Transparent Y3Al5O12 (YAG) ceramics haze in annealing and thermal-bonding because of second phase exsolution. To address this problem, SiO2 and fluorides co-doped transparent ceramics were prepared from YAG powders by slip casting and vacuum sintering method. 0~0.18 wt% of fluorides were doped into YAG ceramics as sintering aids along with 0~1.5 wt% of SiO2. Fluorides prompted sintering process and improved optical properties of sintered samples. SiO2 lightly doped (0.027 wt%) YAG transparent ceramics were obtained by co-doping with fluorides. Composition analysis showed that fluorides decreased Si content in sintered YAG ceramics and as a result, the formation of Si-riched second phase was successfully suppressed in annealing process.
© 2014 Optical Society of America
Yttrium aluminum garnet (YAG) is an attractive and intensively studied laser host material due to its excellent optical, thermal, mechanical and spectroscopic properties [1, 2]. YAG has a cubic crystal structure and is free of birefringence. Hence, highly transparent YAG polycrystalline can be produced by sintering to 99.99% density. Ikesue et al first achieved highly efficient laser gain in their transparent Nd:YAG ceramics by sintering Al2O3, Y2O3 and Nd2O3 powder mixture at 1750 °C in vacuum . This milestone work gave some important and well accepted recommendations including the use of SiO2 as sintering aid. Yagi et al developed another very promising method to obtain highly transparent YAG ceramics by sintering co-precipitated Nd:YAG nano-powders at 1700 °C [4, 5]. This method promises smaller grain size and less light scattering lose, hence gain increasing attention. Following these two routes, Nd:YAG , Er:YAG , Yb:YAG and Ho:YAG  transparent ceramics have been fabricated. These ceramics exhibit very inspiring properties. Ueda et al have shown that the laser damage for both rare earth dope and nondoped YAG ceramics are comparable to single crystal counterpart .
In the both methods, SiO2 plays a crucial role in sintering process of YAG ceramics. Calculation showed that SiO2 could largely decrease formation energies of cation vacancies and improve concentration of cation vacancies that leads to enhancement of lattice diffusion . Researchers also found that a liquid phase forms at 1390 °C and affects the intermediate stage densification followed by Si4+ substitution into YAG structure . The two above mechanisms both prompt densification of YAG ceramics during sintering process.
After sintering process, annealing is needed to eliminate defects in ceramics that are detrimental to emission properties of doped active ions . However, after annealing, Si-riched phase particles along grain boundaries and at triple points are always observed in SiO2 doped YAG ceramics, which decease transparency of the ceramics . In addition, thermal-bonding is a promising technique to obtain thick or composite ceramics. To achieve perfect bonding effect, relatively high temperature and long duration are preferable. However, Si-riched phase particles are prone to precipitate from YAG ceramics in this process at high temperature for a long duration . Therefore, doping level of SiO2 should better be limited. Efforts have been made to reduce the quantity of SiO2 [15–17]. Adam J. Stevenson et al reported B2O3-SiO2 doped Nd3+:YAG transparent ceramics . B2O3 increased densification rate in intermediate sintering process, and at the final sintering stage, B2O3 vaporized and was eliminated from YAG ceramics. By co-doping of B2O3, highly transparent YAG ceramics were obtained and SiO2 doping level was reduced to 0.112 wt%. However, the effect of the usage of B2O3 on the optical properties of annealed ceramics was not studied. In this article, we report YAG transparent ceramics sintered with the aids of AlF3, YF3 and SiO2. The effect of fluorides on YAG ceramics sintering and annealing was investigated.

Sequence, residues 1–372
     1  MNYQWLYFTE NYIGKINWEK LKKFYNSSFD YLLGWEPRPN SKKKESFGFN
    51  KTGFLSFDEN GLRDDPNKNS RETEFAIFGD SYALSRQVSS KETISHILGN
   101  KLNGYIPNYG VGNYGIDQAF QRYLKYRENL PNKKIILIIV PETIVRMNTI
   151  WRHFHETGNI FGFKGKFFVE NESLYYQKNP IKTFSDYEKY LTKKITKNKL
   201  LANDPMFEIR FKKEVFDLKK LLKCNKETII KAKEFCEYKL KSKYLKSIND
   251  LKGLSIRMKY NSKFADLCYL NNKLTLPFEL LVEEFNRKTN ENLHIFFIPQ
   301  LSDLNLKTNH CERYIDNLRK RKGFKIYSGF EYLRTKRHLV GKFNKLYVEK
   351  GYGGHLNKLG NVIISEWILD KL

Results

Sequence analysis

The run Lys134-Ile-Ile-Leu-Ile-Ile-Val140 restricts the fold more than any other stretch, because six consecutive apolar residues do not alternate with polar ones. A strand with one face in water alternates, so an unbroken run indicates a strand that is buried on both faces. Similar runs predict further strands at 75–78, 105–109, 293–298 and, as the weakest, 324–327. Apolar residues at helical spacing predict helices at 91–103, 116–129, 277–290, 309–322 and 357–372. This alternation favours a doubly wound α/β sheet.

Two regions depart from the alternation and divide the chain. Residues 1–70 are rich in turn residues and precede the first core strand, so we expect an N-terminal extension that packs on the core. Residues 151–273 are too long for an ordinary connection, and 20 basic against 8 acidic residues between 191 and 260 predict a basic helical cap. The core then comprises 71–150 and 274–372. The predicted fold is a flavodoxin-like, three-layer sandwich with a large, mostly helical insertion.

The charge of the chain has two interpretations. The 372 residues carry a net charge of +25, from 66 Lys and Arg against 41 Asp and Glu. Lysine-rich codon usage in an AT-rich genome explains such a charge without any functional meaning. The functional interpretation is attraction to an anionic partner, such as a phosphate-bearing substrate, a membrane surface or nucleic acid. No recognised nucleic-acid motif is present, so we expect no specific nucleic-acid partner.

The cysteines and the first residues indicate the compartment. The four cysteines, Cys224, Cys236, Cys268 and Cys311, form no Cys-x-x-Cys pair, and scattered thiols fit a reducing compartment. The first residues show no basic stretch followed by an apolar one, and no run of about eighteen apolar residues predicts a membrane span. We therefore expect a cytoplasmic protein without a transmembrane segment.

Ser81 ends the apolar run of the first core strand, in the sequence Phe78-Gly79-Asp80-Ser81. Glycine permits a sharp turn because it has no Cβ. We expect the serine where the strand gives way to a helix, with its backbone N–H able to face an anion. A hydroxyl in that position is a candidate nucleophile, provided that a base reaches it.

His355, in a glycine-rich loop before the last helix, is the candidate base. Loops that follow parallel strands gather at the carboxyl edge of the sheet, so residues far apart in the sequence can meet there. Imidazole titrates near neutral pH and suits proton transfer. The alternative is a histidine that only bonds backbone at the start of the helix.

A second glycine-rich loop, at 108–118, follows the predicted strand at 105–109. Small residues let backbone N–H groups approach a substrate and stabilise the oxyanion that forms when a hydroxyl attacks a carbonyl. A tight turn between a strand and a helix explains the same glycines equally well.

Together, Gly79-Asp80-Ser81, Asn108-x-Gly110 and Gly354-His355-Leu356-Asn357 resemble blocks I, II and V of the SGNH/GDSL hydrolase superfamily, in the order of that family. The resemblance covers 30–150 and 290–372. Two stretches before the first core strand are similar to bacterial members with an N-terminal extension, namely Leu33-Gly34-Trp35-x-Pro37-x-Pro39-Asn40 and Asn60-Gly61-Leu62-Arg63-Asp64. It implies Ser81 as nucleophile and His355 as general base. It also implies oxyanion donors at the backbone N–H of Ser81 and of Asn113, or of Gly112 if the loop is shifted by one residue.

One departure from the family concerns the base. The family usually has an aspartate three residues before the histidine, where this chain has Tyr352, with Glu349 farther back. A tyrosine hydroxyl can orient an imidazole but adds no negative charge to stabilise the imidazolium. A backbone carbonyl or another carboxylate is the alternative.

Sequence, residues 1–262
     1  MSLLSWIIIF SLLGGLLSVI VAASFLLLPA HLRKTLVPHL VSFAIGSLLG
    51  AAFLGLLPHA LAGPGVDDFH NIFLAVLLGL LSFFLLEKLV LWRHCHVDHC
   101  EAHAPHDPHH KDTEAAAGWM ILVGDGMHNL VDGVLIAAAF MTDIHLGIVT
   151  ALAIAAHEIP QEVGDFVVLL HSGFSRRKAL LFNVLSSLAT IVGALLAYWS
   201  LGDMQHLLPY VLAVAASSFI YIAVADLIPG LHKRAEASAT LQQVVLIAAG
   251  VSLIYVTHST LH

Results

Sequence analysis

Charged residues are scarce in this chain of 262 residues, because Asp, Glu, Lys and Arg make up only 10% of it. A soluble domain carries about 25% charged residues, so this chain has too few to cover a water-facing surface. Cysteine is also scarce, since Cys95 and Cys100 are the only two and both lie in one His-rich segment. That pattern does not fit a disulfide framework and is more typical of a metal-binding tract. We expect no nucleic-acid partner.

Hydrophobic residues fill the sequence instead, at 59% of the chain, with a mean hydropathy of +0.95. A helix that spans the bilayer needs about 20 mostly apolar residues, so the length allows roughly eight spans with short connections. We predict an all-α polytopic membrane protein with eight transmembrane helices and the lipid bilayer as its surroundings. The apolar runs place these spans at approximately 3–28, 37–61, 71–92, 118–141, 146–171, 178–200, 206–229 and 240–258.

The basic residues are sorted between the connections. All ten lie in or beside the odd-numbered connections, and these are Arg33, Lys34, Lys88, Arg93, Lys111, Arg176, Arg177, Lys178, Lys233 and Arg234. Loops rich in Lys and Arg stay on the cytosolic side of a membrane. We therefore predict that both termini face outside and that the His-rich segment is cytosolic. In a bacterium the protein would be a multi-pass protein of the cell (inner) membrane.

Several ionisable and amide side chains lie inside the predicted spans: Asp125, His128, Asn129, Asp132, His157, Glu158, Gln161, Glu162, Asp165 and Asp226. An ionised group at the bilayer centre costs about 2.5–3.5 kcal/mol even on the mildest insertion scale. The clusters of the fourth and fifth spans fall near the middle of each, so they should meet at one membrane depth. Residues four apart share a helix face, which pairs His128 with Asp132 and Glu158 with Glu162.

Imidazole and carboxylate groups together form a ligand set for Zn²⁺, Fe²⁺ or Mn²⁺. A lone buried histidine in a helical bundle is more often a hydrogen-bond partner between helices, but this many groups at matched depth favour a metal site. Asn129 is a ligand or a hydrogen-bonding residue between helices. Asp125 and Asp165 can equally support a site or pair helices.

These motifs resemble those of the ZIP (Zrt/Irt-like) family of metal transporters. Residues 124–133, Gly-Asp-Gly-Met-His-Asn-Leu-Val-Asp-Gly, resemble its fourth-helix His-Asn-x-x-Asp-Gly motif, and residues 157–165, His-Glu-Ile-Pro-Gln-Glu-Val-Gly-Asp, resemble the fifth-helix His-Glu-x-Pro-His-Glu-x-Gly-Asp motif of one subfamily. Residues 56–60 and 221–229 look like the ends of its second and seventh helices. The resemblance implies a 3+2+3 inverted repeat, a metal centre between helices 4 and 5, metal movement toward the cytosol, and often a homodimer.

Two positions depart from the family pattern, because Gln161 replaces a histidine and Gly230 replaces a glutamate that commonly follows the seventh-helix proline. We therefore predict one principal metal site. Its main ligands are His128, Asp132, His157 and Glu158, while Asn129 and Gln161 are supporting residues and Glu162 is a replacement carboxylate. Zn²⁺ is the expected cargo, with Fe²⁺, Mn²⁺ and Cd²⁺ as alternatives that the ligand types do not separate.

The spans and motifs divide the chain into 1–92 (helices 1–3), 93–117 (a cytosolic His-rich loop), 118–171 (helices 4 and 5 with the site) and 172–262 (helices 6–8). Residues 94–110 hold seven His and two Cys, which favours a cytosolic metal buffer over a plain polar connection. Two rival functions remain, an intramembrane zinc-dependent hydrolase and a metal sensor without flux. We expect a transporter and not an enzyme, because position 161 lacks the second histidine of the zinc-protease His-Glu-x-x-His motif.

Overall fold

To investigate how fluorides affect the microstructure and optical properties of YAG ceramics, different amounts of YF3 (99.99%, Alfa Aesar) and AlF3 (99.99%, Alfa Aesar) were introduced into YAG powders. The impurities in YAG powders are 3.8 ppm of Na, 6.8 ppm of K, 4.3 ppm of Fe, 25 ppm of Si, <1 ppm of Ca. Considering the YAG powder used is stoichiometric, the introduction of extra YF3 will cause Al3+ ions insufficient for the stoichiometric composition. To address this problem, AlF3 was added and the mole ratio of YF3 to AlF3 was set to be 3/5 in accordance with the stoichiometric composition of Y3Al5O12.
The YAG ceramics samples are divided into 3 series, A, B and C, as listed in Table 1. In A series, SiO2 is kept as a constant of 0.09 wt% while the fluoride content varies from 0 wt% to 1.5 wt%. In B series, the SiO2 content decrease from 0.18 wt% to 0 wt%, while fluorides were kept constant. C series has only one sample that doped with 0.027 wt% of SiO2 solely.
The transparent YAG ceramics were fabricated by slip casting and vacuum sintering method. YAG nano-powders, the sintering aids of fluoride powders (AlF3 and YF3) powders and tetraethyl orthosilicate (TEOS, 99.99%, Aladdin) were weighed according to Table 1, and ball milled together in triple-distilled water for 5 hours in polyurethane jars to obtain 37 vol.% slurry. To obtain stable slurry, 1.5 wt% of ammonium polymethacrylate was added to the above mixture before milling. The slurry was then casted into plaster molds and dried in air to form green bodies. After drying, the green bodies were calcined at 800 °C for 2h to remove water and organics, followed by sintering in vacuum below 1.0 × 10−2pa at 1720 °C for 10h.
The micro-morphology of the powders and the fresh fracture surfaces of YAG samples were observed by a scanning electron microscopy. The in-line transmittance of the polished samples was measured by an UV/VIS/NIR spectrometer (Lamda 750, PerkinElmer). Si content in the samples was detected by an Inductive Coupled Plasma Emission Spectrometer (ICP). F content in the samples was measured by a potentiometer (PHS-3C, INESA Scientific Instrument Co.,Ltd) equipped with an F- ion selective electrode. The potentiometer was calibrated by a NaF solution (5%) before measurement.
3. Results and discussion